How to make coloured concrete

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How to make coloured concrete

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Project Overview

Making coloured concrete is easy and follows much the same process as normal concrete, except that the water you use has colouring agent. We’ll show you how to make the colour solution and then mix it into your concrete properly. Remember to always wear your safety gear because the colouring agent can easily stain your clothes and skin. 

Continue to step-by-step instructions

Step by Step Instructions

1 Mix the colouring agent into some water
2 Pour the concrete mix onto your working surface
3 Mix the colour solution into your concrete
  • Step 1. Mix the colouring agent into some water

    Scoop out some colouring agent with your trowel and stir it into some water in your measuring cup.  Your colouring agent should be about 8% of the water volume but you can add more or less, depending on the colour you want.  Make sure that you write down the measurements to keep the colour consistent for when you make another batch. And remember to always follow the instructions on the packaging.

  • Step 2. Pour the concrete mix onto your working surface

    Take the concrete mix and pour the amount you want into a mound on your working surface. Then use the trowel to make a ‘well’ in the concrete mound. This will stop the colour solution from spilling everywhere when you pour it into the concrete.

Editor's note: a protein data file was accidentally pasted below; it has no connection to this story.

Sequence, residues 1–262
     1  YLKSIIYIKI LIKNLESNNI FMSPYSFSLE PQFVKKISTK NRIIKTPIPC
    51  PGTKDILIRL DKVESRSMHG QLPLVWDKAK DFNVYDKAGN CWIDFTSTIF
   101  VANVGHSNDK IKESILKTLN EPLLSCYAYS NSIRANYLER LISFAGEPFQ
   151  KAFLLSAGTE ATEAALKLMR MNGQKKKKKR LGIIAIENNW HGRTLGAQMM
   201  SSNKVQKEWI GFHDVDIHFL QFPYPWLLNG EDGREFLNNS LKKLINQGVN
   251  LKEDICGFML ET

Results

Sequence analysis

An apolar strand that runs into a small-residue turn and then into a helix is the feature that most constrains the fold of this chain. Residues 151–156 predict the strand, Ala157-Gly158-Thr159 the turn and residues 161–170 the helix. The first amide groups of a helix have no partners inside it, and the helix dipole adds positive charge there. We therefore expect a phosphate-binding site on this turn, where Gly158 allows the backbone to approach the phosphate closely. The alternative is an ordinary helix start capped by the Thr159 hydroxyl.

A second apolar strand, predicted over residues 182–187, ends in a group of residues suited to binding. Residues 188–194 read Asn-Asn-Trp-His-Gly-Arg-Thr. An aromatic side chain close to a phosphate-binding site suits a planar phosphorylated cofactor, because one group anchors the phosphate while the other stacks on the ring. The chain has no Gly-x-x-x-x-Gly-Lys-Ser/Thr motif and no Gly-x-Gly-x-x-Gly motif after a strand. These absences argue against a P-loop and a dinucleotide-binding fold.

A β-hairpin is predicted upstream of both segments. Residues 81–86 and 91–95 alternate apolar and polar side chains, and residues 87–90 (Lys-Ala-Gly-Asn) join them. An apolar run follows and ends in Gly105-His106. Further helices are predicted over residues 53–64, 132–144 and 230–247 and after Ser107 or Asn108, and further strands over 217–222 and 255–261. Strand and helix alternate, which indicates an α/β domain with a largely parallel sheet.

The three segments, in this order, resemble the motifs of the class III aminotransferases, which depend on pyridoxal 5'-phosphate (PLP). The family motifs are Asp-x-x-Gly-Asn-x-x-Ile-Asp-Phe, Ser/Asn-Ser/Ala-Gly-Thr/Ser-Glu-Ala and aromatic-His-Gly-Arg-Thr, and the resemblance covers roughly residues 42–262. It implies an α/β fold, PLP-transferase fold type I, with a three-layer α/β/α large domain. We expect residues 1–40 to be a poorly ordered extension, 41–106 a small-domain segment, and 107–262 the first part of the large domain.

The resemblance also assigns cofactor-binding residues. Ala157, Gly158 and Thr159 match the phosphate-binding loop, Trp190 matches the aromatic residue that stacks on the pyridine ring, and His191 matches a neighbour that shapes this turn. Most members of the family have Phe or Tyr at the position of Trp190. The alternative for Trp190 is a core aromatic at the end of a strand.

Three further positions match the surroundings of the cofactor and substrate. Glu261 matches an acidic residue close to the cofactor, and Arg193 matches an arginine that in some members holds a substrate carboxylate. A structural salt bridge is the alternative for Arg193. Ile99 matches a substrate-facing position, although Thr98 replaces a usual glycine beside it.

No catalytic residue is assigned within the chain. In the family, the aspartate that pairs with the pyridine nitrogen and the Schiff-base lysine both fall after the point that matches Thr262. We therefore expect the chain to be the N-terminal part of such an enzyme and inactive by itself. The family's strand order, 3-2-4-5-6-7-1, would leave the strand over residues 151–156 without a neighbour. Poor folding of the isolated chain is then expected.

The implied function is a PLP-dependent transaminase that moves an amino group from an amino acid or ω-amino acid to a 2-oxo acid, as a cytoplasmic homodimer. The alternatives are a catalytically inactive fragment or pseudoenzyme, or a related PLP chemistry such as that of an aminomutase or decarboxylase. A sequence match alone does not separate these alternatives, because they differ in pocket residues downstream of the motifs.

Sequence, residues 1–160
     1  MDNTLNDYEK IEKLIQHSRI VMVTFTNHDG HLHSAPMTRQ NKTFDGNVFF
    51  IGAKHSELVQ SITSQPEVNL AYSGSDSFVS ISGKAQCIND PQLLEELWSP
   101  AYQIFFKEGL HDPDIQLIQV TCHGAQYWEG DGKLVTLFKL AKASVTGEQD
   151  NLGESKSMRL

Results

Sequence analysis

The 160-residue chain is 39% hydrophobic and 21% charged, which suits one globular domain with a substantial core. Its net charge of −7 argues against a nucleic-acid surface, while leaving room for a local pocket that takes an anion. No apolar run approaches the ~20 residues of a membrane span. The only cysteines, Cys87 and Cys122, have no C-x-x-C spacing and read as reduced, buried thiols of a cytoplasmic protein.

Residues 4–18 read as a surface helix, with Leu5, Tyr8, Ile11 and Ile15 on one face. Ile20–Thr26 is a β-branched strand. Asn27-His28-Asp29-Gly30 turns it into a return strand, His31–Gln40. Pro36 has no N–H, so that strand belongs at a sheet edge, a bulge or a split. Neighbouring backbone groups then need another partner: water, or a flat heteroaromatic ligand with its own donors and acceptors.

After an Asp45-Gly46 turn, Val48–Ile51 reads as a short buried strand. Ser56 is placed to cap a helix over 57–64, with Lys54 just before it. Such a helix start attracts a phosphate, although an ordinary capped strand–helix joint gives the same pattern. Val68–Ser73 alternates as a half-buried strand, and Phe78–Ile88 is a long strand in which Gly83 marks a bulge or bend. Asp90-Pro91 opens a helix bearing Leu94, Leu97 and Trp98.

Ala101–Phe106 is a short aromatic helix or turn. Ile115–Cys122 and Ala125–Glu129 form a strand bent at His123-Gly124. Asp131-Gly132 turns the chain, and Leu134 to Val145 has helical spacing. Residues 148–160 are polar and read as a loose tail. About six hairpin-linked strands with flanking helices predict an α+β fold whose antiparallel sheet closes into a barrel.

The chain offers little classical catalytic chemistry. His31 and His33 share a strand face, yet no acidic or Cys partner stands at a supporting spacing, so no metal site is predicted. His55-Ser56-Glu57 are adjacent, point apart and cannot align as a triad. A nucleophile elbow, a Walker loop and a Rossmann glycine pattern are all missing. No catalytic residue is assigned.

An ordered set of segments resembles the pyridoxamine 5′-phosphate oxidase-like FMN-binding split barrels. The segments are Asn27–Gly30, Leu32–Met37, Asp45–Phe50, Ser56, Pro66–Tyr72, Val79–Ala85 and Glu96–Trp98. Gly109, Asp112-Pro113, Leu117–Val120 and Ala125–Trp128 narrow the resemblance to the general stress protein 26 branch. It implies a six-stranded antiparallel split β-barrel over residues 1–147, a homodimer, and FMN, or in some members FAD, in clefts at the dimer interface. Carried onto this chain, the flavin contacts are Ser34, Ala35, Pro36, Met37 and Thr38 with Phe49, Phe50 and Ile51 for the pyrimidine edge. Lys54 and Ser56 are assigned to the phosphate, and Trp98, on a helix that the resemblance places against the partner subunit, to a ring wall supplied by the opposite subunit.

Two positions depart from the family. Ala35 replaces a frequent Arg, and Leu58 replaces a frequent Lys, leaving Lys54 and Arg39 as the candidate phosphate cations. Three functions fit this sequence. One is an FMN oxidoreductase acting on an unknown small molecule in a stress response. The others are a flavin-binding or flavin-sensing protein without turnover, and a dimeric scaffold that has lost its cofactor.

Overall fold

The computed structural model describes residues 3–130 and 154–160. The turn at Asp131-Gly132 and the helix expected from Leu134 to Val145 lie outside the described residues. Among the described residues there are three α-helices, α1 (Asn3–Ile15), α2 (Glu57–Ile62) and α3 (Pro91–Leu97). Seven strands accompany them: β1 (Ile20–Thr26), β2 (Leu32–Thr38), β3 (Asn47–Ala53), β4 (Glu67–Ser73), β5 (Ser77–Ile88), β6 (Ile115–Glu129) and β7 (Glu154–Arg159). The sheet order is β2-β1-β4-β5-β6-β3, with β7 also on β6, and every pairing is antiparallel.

• Step 3. Mix the colour solution into your concrete

    Now pour your colour solution into the well, just enough to fill it. Then take your trowel and start mixing the solution through the concrete. Keep turning and churning the concrete with the trowel, while adding more colour solution, until you get the colour you want and the right consistency. Your concrete should be thick and smooth, not watery. And remember, the colour of your concrete will be lighter once it dries. 

Tools and Materials


  • Bucket
  • Dust mask
  • Measuring cup
  • Safety glasses
  • Safety gloves
  • Stirrer
  • Trowel
  • Water


  • Concrete mix
  • Oxide colouring agent

Health & Safety

Please make sure you use all equipment appropriately and safely when following the advice in these D.I.Y. videos. You need to be familiar with how to use equipment safely and follow the instructions that came with the equipment. If you are unsure, you may feel it is safest to consult an expert, such as the manufacturer or an expert Bunnings Team Member.

Grave health hazards are linked to asbestos, which may be in homes built up to 1990. Health hazards may result from exposure to lead-based paints in older materials and copper chromium arsenic (CCA) treated timber. For information on the dangers of asbestos, lead-based paint and CCA treated timber and tips for dealing with these materials contact your local council's Environmental Health Officer or visit our Health & Safety page. You can also use a simple test kit from Bunnings to indicate the presence of lead-based paint.
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